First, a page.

Dr. Pino has spoken at many international conferences, including the 1992 World Uranium Hearing in Salzburg, about victims of uranium mining, depleted uranium, and associated cancer deaths. He has served as a delegate of Indigenous Peoples at the 2001 United Nations World Conference Against Racism in Durban, South Africa and the 2002 United Nations World Summit on Sustainable Development in Johannesburg, South Africa. In 2008, he received the Nuclear-Free Future Award. Dr. Pino is currently part of a research team from Brazil and the U.S. working on the impact of suicide among Indigenous Peoples in both countries.
Manuel Pino will deliver his keynote address at 9am, Sunday, August 22.
♦ Join Dr. James Hanson and Clayton Thomas-Mueller for:
♦ Help Support the UN Declaration on the Rights of Indigenous Peoples
Get involved with a click!
Send an e-letter to the White House supporting the U.S. endorsement of the UN DECLARATION on the RIGHTS OF INDIGENOUS PEOPLES!
The United States is currently reviewing its position on the United Nations Declaration on the Rights of Indigenous Peoples. Federal officials are taking comments on the Declaration through October, 2010. Now is the time to speak out and to urge the White House to endorse the UN Declaration.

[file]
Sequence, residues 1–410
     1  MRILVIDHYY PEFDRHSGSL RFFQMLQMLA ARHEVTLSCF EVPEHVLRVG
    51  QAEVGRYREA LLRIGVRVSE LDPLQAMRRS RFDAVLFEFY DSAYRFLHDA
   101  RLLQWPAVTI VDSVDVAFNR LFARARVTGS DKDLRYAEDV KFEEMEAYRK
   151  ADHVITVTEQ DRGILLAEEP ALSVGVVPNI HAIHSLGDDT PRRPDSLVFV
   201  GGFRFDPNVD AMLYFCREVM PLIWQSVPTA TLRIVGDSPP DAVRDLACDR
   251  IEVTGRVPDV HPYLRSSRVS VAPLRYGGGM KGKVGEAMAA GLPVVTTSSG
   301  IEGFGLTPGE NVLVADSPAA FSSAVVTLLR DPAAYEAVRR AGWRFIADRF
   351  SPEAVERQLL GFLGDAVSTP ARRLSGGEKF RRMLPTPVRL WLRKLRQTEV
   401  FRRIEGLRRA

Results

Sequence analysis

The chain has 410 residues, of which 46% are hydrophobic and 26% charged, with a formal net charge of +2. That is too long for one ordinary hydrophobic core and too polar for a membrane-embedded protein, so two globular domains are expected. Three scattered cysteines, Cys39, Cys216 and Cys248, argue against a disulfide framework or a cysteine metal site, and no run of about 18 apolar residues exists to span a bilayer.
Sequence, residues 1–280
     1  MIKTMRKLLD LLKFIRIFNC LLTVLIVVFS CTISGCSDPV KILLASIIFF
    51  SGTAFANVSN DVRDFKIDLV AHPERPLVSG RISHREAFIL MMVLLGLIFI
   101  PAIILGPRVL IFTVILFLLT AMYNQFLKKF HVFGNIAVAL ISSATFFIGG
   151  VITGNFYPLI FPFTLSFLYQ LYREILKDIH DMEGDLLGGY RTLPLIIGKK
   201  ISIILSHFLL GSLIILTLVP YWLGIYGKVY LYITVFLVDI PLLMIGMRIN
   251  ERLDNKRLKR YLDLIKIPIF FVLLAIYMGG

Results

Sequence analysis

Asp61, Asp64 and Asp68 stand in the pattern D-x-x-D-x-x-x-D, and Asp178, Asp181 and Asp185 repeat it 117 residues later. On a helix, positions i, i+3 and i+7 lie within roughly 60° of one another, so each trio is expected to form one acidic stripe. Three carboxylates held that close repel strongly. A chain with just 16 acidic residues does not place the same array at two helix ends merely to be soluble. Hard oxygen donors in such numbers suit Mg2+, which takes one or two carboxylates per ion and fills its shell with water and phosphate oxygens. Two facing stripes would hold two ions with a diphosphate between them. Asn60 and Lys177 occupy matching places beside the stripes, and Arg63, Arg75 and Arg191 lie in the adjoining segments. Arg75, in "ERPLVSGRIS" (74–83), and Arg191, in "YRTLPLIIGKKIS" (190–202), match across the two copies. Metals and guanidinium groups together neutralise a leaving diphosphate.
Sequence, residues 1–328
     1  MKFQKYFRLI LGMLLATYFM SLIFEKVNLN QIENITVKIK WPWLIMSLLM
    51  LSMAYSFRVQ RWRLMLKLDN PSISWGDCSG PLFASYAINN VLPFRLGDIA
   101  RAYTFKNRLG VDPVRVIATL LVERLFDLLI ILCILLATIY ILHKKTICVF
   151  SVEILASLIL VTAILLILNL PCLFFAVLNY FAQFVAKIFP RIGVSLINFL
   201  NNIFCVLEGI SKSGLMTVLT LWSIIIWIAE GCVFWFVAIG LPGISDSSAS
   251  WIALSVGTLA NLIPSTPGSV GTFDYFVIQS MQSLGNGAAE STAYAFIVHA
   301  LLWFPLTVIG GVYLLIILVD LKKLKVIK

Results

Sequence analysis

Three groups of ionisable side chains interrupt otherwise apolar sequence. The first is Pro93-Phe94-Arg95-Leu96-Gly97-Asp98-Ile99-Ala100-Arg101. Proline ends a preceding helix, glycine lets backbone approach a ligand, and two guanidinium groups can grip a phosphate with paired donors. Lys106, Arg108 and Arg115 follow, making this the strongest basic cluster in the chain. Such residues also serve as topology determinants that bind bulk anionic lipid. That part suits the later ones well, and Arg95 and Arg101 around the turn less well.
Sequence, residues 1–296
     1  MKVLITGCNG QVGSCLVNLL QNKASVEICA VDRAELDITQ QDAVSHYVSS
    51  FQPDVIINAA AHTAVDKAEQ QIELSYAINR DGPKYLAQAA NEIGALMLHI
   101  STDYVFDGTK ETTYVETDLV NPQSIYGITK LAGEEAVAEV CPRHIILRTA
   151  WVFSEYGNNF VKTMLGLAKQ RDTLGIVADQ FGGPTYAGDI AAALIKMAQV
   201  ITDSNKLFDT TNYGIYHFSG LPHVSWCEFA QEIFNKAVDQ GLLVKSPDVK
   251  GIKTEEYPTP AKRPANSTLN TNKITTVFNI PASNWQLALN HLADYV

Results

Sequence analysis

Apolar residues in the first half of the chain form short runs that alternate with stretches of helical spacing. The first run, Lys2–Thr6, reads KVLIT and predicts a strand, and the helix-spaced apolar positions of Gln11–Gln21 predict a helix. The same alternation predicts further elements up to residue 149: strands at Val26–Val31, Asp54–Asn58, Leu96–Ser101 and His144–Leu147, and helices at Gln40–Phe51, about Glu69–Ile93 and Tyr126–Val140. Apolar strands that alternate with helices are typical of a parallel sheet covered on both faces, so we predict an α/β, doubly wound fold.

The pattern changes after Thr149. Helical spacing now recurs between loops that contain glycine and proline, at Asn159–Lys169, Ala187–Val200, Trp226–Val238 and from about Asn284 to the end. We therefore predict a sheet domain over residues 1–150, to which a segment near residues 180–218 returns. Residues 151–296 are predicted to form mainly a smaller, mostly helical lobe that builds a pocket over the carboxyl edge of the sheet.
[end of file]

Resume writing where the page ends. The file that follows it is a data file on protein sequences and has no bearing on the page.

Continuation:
Send an e-letter to President Obama
INDIAN LEADERS and NON-GOVERNMENTAL ORGANIZATIONS:
The Indian Law Resource Center has draft letters and suggested language to use in your letters to the U.S. Department of State.
Click here to see draft letters for Indian and Alaska Native leaders
Click here to see draft letters for Non-governmental Organizations
Kimberly Teehee of the White House Domestic Policy Council responds to questions during discussions on the UN Declaration on the Rights of Indigenous Peoples.
♦ Momentum Builds in Congress to Overhaul U.S. Chemicals Policy
Bill Proposes to Reduce Toxic Chemical Exposure and Ensure Safety
Members of the Healthy Legacy coalition applaud Congressmen Bobby Rush (D-IL) and Henry Waxman (D-CA) for introducing a groundbreaking bill to overhaul U.S. chemicals policy in the House Energy & Commerce Committee. The "Toxic Chemicals Safety Act
of 2010" is intended to overhaul the 1976 Toxic Substances Control Act (TSCA), which has failed to regulate chemicals in consumer products–even those that have known links to cancer, learning disabilities, asthma, reproductive disorders, and other serious health